Verapamil, a calcium channel blocker, improves myocardial preservation during cold cardioplegia and protects against renal damage during periods of warm and cold ischemia. To determine if verapamil could prevent ischemic damage to livers during and after cold storage, harvested rat livers were flushed with either University of Wisconsin (UW) solution or UW solution with 25 mg/liter verapamil. Twenty rats were used in each group. After 24 hr of storage at 4°C, livers were perfused with oxygenated blood through the portal veins for 2 hr at 37°C and pH 7.4. Liver enzymes, electrolytes, and perfusate flow rate were determined at 30-min intervals. At 90 min of perfusion, the verapamil group of livers had less elevation of AST (110 ± 17 IU/liter vs 172 ± 25 IU/liter, P < 0.05), ALT (115 ± 21 IU/liter vs 210 ± 34 IU/liter, P < 0.05), and LDH (962 ± 170 IU/liter vs 1452 ± 253 IU/liter, NS). Verapamil livers produced more bile than controls (6.9 ± 1.9 μl/g vs 2.3 ± 1.7 μl/g, P < 0.05) and maintained a higher portal flow rate throughout the perfusion. Both groups showed similar reduction in liver weights after storage (3.9 ± 0.9% vs 2.8 ± 0.7%) and required the same amount of bicarbonate for correction of acidosis during perfusion (2.6 ± 0.2 mM vs 2.8 ± 0.2 mM). Light microscopic exam after perfusion showed hepatocyte damage in 30% of control livers, but 0% of verapamil livers. We conclude that verapamil-treated rat livers showed less damage and better function upon reperfusion after 24 hr of cold storage. This agent may be clinically useful as an additive to the UW preservation solution for livers.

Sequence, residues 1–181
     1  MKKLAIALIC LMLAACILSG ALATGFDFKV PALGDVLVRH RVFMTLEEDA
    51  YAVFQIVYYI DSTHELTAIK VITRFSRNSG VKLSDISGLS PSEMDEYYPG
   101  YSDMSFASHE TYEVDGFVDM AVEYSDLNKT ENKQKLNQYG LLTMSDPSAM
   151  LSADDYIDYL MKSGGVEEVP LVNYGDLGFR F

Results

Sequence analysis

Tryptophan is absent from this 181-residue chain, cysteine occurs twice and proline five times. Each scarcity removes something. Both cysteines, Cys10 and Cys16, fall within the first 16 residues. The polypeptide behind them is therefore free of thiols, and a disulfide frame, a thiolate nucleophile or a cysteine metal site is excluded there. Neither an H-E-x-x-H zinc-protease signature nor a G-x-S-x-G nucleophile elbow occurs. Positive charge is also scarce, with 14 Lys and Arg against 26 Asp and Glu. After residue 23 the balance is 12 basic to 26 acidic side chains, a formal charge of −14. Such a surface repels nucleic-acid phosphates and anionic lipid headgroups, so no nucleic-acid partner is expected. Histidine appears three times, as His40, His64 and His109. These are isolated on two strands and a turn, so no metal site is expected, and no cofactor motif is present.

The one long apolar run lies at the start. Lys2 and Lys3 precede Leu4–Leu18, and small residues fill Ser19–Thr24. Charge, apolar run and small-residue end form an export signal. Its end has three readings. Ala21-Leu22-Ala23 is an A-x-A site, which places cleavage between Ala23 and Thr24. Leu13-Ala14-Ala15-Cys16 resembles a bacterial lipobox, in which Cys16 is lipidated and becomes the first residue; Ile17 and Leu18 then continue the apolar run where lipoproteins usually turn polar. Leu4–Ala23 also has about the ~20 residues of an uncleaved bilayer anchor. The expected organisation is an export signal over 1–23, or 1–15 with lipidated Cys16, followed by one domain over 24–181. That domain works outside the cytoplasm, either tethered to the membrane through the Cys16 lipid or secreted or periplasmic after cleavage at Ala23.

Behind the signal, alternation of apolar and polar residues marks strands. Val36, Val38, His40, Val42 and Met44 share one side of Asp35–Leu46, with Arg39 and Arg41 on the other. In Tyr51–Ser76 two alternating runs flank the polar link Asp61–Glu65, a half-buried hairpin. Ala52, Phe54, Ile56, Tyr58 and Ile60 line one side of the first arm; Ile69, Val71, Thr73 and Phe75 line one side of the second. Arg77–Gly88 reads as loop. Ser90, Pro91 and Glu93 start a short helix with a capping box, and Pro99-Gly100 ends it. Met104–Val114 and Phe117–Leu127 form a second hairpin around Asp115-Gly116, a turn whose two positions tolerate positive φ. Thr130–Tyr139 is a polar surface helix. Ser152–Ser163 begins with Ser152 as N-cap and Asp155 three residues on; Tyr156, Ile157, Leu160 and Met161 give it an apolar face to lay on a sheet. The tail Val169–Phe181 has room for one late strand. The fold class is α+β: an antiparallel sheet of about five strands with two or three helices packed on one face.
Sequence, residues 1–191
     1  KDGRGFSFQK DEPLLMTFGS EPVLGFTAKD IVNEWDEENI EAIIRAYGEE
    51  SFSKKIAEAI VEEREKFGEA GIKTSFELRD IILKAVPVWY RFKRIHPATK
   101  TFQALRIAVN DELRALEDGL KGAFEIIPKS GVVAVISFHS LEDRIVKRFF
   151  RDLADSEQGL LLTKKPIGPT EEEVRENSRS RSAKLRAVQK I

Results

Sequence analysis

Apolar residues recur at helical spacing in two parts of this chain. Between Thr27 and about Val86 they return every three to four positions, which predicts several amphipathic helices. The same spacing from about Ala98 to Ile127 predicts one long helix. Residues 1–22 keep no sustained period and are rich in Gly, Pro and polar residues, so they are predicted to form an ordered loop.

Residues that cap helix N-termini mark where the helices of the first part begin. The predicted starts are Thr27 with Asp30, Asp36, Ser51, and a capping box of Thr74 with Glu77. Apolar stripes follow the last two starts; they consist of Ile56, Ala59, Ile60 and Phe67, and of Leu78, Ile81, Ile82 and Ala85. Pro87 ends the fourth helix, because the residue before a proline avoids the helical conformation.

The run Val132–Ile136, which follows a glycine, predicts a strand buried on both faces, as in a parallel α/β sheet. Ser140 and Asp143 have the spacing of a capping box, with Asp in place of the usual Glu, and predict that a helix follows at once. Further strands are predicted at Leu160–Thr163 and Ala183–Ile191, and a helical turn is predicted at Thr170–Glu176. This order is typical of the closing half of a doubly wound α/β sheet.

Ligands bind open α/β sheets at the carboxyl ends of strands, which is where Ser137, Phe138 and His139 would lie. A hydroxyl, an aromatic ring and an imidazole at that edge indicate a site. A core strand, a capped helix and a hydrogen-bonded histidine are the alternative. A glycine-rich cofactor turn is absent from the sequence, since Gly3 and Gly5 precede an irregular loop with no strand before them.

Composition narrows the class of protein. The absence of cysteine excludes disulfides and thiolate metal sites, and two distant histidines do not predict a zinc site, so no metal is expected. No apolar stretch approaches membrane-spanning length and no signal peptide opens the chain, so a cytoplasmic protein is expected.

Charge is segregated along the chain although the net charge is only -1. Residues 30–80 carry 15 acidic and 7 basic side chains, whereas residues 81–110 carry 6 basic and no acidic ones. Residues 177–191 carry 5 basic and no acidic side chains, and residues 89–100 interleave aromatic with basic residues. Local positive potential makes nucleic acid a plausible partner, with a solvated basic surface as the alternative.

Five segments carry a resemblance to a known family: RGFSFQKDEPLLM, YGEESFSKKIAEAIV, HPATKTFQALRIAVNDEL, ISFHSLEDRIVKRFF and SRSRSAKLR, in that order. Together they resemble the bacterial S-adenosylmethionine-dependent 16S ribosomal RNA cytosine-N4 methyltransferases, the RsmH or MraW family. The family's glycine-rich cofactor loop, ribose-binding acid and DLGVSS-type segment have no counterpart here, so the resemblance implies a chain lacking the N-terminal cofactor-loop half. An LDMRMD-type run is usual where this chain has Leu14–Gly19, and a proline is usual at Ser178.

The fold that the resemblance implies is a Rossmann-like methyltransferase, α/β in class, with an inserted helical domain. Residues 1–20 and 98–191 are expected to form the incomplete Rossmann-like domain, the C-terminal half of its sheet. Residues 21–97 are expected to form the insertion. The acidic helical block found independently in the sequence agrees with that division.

ASJC Scopus subject areas